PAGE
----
Leadership is about human connection and football gives us great examples of how leadership is successful when there is connection and when it’s not successful because there is no connection. What is connection? Connection is connecting to the hearts and minds of those you lead. If those you lead feel that you listen, feel safe, feel motivated, feel that you have their personal and professional interests at heart, feel that you value their input and encouraged to be curious and creative, you will have better performers. In any field of work and in any personal relationship.
I also have a Senior Partner from KPMG talking about leadership outside of football. All elements come back to the connection between two beings. Football clubs invest heavily in Players and Managers but the Managers are performing at an insecure level, they cannot be their ideal self as they know that they are on borrowed time. Decisions are made based on survival and not thriving. The Manager is not giving their best and in turn, they are not getting the best out of their players. Pep Guardiola and Jurgen Klopp are exceptions to the rule as they were extremely wanted men that have avoided committing to clubs that sack Managers more frequently than others. From the beginning the Managers are planning for the long haul and they feel secure enough to do so, with the clubs investing heavily into their project before they arrived and their style of play bringing the empathetic understanding of adaptation.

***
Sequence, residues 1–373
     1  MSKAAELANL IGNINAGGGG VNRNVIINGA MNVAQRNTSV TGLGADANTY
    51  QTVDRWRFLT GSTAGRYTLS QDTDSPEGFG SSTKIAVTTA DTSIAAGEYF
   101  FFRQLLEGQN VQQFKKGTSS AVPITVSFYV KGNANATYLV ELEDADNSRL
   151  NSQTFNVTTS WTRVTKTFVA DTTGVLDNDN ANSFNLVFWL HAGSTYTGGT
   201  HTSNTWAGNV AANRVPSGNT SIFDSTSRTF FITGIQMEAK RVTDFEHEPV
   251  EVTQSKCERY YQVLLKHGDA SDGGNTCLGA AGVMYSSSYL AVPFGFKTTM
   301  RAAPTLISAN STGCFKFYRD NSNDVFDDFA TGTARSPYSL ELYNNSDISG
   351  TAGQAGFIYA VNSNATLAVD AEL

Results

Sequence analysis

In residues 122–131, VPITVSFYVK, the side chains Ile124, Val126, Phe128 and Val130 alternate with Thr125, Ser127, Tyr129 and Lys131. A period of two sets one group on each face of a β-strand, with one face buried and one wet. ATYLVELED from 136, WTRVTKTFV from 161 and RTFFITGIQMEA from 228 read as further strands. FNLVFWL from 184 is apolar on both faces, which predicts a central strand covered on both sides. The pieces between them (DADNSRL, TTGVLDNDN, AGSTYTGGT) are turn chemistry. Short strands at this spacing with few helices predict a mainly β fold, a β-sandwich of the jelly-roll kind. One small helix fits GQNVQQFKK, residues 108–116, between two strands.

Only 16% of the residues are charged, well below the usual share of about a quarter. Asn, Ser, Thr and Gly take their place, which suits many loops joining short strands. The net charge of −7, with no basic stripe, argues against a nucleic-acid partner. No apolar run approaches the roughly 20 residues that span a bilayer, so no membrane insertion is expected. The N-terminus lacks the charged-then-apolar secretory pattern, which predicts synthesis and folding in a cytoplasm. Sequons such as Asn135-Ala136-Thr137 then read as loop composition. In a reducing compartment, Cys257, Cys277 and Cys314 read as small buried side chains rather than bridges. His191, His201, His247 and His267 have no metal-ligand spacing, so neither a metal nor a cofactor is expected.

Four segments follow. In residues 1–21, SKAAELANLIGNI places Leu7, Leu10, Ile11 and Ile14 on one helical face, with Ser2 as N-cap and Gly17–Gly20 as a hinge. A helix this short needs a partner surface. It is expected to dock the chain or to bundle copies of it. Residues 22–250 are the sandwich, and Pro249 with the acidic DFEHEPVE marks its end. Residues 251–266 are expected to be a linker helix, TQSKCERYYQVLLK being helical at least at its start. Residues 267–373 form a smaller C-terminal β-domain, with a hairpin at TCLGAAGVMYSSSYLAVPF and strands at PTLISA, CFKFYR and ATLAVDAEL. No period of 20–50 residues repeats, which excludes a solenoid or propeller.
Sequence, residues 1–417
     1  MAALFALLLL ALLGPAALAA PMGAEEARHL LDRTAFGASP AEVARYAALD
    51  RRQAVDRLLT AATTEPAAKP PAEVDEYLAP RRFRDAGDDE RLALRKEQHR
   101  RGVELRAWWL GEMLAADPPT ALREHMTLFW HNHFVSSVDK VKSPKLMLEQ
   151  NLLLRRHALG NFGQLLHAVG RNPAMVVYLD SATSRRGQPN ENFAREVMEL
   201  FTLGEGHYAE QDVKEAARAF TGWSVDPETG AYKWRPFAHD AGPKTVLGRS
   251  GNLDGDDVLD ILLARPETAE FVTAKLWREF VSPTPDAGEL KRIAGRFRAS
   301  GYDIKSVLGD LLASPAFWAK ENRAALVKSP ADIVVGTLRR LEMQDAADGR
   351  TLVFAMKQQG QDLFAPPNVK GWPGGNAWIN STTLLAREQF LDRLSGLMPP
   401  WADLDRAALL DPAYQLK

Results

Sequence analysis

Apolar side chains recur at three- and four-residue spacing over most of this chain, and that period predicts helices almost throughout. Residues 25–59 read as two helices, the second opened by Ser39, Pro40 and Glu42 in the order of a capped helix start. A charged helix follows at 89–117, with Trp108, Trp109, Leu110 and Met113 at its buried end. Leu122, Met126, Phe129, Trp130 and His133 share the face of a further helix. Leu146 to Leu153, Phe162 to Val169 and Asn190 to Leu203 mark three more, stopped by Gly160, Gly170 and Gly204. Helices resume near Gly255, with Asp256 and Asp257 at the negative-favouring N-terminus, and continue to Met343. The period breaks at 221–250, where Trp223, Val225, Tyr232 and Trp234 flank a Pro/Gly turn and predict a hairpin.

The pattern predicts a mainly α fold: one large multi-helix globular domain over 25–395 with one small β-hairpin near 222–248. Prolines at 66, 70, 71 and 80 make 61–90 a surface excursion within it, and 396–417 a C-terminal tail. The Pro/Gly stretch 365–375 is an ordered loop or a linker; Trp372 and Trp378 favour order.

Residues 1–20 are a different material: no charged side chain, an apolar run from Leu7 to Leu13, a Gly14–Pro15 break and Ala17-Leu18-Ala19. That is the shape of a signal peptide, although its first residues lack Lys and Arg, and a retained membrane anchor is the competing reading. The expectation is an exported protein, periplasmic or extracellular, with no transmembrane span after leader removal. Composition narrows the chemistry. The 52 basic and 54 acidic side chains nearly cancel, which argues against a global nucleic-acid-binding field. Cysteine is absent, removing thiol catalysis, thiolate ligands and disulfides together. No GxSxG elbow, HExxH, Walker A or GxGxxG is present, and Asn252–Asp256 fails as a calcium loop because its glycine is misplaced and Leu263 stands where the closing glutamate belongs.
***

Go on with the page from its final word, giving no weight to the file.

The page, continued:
“International businessman and food expert Clarence Francis’ philosophy of management is that you can buy a man’s time, physical presence and a measured number of skilled muscular motions per hour or day. But you can’t buy enthusiasm, initiative, loyalty or the devotion of hearts, minds and souls. You have to earn these things.” – Soccology
Often in today’s game when players get used to their leader’s style, the leader gets sacked, after this happens a few times knowingly/unknowingly there will be a good chance that the players will hold a little bit of themselves back from the Manager. Why change yourself, your style of play and commit to someone who want be there much longer? You’ll have to change again for the new Manager that comes along and change is a challenge.
N’Golo Kante was one of the best defensive midfielders in the world under Antonio Conte, now under his latest Chelsea Manager Maurizio Sarri he has been played in an attacking role. Where will the Manager after Sarri play Kante? For some people it seems straight forward but it’s not, it’s like being successful in a companies HR team and a new Manager comes in and moves you to the sales team. You need a whole new skill set and have to adjust from being a success and a leader among your team, to starting over and being a liability. From happiness, joy and success, to sadness, frustration and failure. You change and a lot inside of you changes too.
The person/people that lead a club affect the leader (Manager) they employ from their history of a high turnover of previous Managers, by the leader feeling insecure or the players consciously/unconsciously holding a little bit of themselves back. The leader (Manager) then affects the leaders on the pitch when they bring about their changes (e.g. Kante example above). Because players are people and not robots, they will always be affected by the climate and how they feel will always affect their performance.